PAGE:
Reba, Narvel and the Muppets: If They Can’t Last, Can We?

5535955078_5a1e0c77f6_kermit-piggyBy Jonathan Shuffield, Co-host of the Pacific Northwest LGBT Radio Talk Show OUTSpoken

Ok I admit it, I follow celebrities. Not in the tabloid like way, I mean I don’t believe that Ariana Grande is pregnant with an alien baby and Donald Trump orchestrated it. I do have those celebrities that I am drawn to, though, and I follow their music and their movies, I take some sense of satisfaction when they are happy and feel sad when they are hurting. Before you start judging; stop, check, you do it, too. Contrary to all of the political stories we could follow, human beings long for a connection to each other and are naturally drawn to having them.

This week I was taken aback by two heartbreaking announcements in the celebrity sphere. First, the announcement that Reba McEntire and her husband of 26 years, Narvel Blackstock, are separated and that Kermit the Frog and Miss Piggy have officially called it quits. How can this be? Can this world ever make sense again? Why am I reacting so big over two people I have never met and two…Muppets?

Seriously, why do I, and for that matter so many others, feel such impact over the break-up of celebrity relationships? Part of it is the fact that we want to believe someone has the answers, the answers on how to make a relationship last. We need to believe that there is some specific formula that if we can just decipher it then we can have that, too. We are hoping that if some “elite” group of people can make it work, than that is proof that a formula exists and knowing that it exists, we might actually attain it for ourselves. It’s an exhausting stream of logic when you look at it. It’s also a lot of pressure to put on anyone, celebrity or not.

I look at where we in the LGBT community are now after the historic Supreme Court ruling. Now every person in the United States; gay or straight, black or white, even Democrat or Republican, has the right to get married. We are relatively newbies at this; we want to succeed and may even have a need to save face in front of those who tried to keep us down. I feel the magnifying glass will be even more focused on gay celebrities who have married the one they love. There is not only an overall hope that their relationships will last, there is an unspoken demand. We need to believe it and you have to prove it to us that it can!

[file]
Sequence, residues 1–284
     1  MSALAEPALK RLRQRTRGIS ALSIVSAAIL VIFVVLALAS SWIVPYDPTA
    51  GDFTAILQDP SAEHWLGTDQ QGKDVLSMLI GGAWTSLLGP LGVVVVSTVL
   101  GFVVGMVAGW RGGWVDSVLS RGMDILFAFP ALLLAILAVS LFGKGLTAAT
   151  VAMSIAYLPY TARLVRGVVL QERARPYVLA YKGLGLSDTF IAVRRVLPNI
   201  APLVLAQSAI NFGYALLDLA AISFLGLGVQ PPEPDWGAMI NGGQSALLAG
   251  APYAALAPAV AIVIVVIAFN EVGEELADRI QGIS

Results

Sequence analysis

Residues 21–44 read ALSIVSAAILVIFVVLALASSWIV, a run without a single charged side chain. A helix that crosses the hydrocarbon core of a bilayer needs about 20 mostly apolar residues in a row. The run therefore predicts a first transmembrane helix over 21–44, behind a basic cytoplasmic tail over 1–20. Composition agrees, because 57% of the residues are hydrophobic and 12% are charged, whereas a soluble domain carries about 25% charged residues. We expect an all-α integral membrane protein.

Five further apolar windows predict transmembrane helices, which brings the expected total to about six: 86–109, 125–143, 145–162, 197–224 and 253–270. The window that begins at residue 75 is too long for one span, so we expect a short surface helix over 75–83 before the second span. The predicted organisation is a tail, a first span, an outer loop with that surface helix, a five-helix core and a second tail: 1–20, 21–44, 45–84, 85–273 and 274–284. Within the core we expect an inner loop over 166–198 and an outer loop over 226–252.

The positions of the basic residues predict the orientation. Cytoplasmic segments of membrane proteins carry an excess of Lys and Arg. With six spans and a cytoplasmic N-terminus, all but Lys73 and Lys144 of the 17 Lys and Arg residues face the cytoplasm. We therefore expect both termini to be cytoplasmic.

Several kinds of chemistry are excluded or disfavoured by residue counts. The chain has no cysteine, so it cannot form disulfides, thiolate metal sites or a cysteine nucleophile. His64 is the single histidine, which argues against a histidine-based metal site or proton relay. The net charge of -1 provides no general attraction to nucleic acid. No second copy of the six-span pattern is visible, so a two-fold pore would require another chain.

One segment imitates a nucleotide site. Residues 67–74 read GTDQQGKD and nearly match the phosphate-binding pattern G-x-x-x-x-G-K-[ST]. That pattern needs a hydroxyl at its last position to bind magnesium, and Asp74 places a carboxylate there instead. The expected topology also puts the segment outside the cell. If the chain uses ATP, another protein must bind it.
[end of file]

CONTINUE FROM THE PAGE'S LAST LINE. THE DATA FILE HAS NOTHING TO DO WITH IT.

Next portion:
If you think I am exaggerating, think back to the late 80s and early 90s, yes for some of you this will take a lot of focus and imagination. Back then there was a couple (a gay couple) that everyone in our community knew. Rod Jackson and Bob Paris were two outspoken gay models and they loved each other and they didn’t care who knew it. They married in Canada, they wrote a book, they did talk shows and a lecture tour. They were our hope, our proof to the world that we could have a relationship and were worthy of a shot at marriage. So many of us young gay boys looked up to them, placed our hope in them and then the day came. The day it was announced that they were breaking up and a community felt its heart break. They could not be human because we needed them to be more. They were the personification of our deepest longings. We punished them by banishing them into obscurity.

As I contemplate marriage equality, I am struck by how much more pressure we will place on ourselves and others now. How many of us will feel the extra pressure to “make it work” so we won’t have to feel like we let each other down? In the past I could have boyfriends, the relationships might fail, but that’s just how it works when you are dating. Yet, I remember the amount of pressure I put on myself when I called my relationship a marriage. In just the word, the pressure mounted to make everything perfect. I would make that relationship last years longer than it should have because I could not give my family the satisfaction of saying my “gay” relationship didn’t work. I had to prove to them and myself that my love was not less than theirs.

How many of us will take on the responsibility of a community’s hopes and dreams and succumb to the pressure to prove our love worthy? Will we worry so much about what the world will think that we forget to just be in our marriage? You may think this is silly or that it’s the same pressure we have always had, but I disagree. It was a long battle to make it to this point in history and there are a million eyes on every gay couple around this country. Eyes from those who fought beside us and those who still refuse to stop fighting against us. The pressure is on and no matter how much we want to believe it won’t affect us, it is still lingering above our heads.

I write this not because I have the answer, but because I am curious about our human nature. I want us all to be safely tucked into our own coupledoms and only concern ourselves with making those work, but I know how we reacted to the breakup of a country music superstar and a couple of Muppets. I think the first public battle has been won and now our private pressure will begin. Why do we need our celebrities to give us hope? Maybe because we are not yet ready to give that hope to ourselves. I guess in the end we truly have found our marriage equality. We are all too damn scared to be human and let the world see our hearts.

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